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 A Brief History of Mildenhall by Dr. C. M. Dring

The history of the small market town of Mildenhall can be traced back to Anglo-Saxon times although nothing remains of the original settlement except for a large cemetery just outside the limits of the present town. The Domesday survey of 1086 recorded that the town was well established with a church, a mill and a total of sixty-four families, not to mention a flock of a thousand sheep. The whole of the manor of Mildenhall belonged to the abbey of Bury St Edmunds and the abbot had total control over the area, including the right to hang criminals in the market-place. On a less macabre note, a weekly market on Fridays has been held regularly since 1412 when a royal charter for this was first granted. An annual two-day timber and servant hiring fair was also held on Fair Spot Field, the site of the present Riverside School, until about 1850.

The manor of Mildenhall was confiscated by the Crown at the dissolution of the monasteries in 1536 and later sold to Sir Roger North of Kirtling, whose son Henry settled in Mildenhall soon after 1586 and built the manor house. The estate passed through four generations of the North family, some of whom were prominent in national politics and all of whom were staunch royalists – King Charles II stayed at the manor during one of his regular visits to Newmarket. The last of the local Norths, Sir Henry, was a melancholy man who shot himself in the manor house in 1671 but, being lord of the manor, was buried in the parish church rather than in unconsecrated ground as was normal then for suicides. The estate passed to Sir Thomas Hanmer, Henry’s nephew, who became a famous speaker of the House of Commons. Sir Thomas extended the manor house and gave the town four almshouses and a workhouse, all in the churchyard. It is said that he married twice, once for love and once for money but was successful in neither: his second wife eloped with his cousin, Thomas Hervey. Sir William Bunbury, Hanmer’s nephew, inherited in 1747 and Mildenhall remained in the hands of this family until the final break up of the estate in 1933. Legend has it that in 1780 Sir Thomas Charles Bunbury tossed a coin with Lord Derby to decide whose name should be given to a new race. Derby won the toss but Bunbury’s horse won the first Derby.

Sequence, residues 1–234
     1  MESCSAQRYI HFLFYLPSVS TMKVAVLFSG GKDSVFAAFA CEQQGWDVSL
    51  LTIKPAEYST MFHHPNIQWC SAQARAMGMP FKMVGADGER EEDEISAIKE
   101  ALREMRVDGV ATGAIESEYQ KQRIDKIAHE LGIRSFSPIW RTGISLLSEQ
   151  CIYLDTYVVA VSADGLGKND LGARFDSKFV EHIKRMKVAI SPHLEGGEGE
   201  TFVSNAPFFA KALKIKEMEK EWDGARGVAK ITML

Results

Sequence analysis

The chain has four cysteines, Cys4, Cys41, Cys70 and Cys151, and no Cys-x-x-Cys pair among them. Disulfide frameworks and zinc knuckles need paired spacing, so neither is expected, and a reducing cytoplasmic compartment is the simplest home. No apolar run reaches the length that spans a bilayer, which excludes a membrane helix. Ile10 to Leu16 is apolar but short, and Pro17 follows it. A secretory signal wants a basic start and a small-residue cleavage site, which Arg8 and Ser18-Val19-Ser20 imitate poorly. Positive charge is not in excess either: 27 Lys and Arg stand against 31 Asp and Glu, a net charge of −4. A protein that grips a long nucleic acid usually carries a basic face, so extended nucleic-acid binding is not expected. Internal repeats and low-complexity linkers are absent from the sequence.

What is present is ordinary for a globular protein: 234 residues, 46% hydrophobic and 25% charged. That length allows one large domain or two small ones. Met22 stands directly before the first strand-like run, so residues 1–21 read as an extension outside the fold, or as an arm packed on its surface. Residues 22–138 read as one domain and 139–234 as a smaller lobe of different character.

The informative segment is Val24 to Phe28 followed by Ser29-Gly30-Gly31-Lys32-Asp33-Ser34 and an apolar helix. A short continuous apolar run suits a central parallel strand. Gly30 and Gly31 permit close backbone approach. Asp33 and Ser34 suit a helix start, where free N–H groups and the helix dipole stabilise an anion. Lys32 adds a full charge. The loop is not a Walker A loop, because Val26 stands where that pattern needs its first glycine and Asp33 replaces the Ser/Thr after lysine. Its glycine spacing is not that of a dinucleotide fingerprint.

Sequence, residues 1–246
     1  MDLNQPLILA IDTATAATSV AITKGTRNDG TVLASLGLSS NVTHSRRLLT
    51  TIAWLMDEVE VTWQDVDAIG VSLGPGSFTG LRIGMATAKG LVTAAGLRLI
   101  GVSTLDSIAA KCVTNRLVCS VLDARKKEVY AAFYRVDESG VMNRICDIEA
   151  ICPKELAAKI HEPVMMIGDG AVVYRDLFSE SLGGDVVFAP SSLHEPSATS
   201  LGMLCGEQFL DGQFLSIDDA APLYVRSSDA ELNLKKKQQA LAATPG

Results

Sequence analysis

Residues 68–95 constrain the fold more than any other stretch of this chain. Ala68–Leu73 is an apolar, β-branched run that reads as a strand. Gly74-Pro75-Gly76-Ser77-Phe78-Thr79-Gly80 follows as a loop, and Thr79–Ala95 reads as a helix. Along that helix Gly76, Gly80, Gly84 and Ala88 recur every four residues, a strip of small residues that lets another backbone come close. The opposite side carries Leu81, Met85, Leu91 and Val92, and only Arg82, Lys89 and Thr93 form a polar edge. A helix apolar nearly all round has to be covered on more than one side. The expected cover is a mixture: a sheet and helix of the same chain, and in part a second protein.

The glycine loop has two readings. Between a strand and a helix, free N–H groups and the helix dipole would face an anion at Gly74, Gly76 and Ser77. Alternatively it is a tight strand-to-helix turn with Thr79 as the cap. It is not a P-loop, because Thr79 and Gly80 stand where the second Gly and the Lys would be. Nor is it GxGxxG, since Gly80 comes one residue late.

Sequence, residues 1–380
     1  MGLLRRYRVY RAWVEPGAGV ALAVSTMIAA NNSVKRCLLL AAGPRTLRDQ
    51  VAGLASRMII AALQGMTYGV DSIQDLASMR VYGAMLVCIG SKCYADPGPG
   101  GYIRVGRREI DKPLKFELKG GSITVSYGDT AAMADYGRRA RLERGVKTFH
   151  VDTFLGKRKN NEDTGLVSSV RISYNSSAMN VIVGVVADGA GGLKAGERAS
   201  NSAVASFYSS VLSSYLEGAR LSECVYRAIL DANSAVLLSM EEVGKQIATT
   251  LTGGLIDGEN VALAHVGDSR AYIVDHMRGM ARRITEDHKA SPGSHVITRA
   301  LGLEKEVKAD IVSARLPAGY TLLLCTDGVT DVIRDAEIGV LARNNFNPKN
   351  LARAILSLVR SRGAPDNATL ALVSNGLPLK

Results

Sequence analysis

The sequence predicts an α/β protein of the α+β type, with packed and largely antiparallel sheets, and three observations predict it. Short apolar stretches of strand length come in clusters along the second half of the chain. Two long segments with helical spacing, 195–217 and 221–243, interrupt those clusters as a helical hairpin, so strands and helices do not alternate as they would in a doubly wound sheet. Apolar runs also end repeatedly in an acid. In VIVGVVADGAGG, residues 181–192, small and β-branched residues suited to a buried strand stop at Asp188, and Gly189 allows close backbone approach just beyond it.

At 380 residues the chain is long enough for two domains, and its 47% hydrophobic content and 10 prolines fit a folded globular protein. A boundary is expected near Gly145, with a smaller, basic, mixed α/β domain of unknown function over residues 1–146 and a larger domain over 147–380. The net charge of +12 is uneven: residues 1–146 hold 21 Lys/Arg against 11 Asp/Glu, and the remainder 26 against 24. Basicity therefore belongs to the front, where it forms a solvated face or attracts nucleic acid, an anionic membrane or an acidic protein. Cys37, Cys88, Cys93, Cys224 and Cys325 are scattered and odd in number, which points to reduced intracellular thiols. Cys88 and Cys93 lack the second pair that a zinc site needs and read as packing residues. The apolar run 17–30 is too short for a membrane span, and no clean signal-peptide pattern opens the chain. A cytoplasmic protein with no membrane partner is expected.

The ancient parish of Mildenhall, which included the hamlets of Beck Row, Holywell Row, Kenny Hill and West Row, covered 17,000 acres and was the largest in Suffolk. The parish was so extensive because much of the land was of marginal value and a large area was required to support the population. The following account by the 2nd Earl of Oxford, who was clearly not impressed by the area, gives a graphic description of the landscape in the eighteenth century:

 The next day Thursday, September the 21st, 1732, we set out from Brandon, seven long, very long miles to Barton Mills over the sands, terrible tedious travelling both to man and horse. I could not but reflect what terrible travelling it must be where the heat of the sun is intense upon the wide sandy deserts, where the poor travellers are often smothered with the sand or scorched with the sun’s heat reflected from the burning sands. We leave the sands at Barton Mills which we were very glad of. The river that runs by Barton Mills is navigable as I said to Bury. We left Mildenhall, the seat of Sir Thomas Hanmer, on the right hand, a most miserable situation. On one side he is subject to be choked with sand, on the other he lives close to a dark vile black fen which lies to the north east of him; so that he enjoys that wicked wind with the addition of the air from that fen.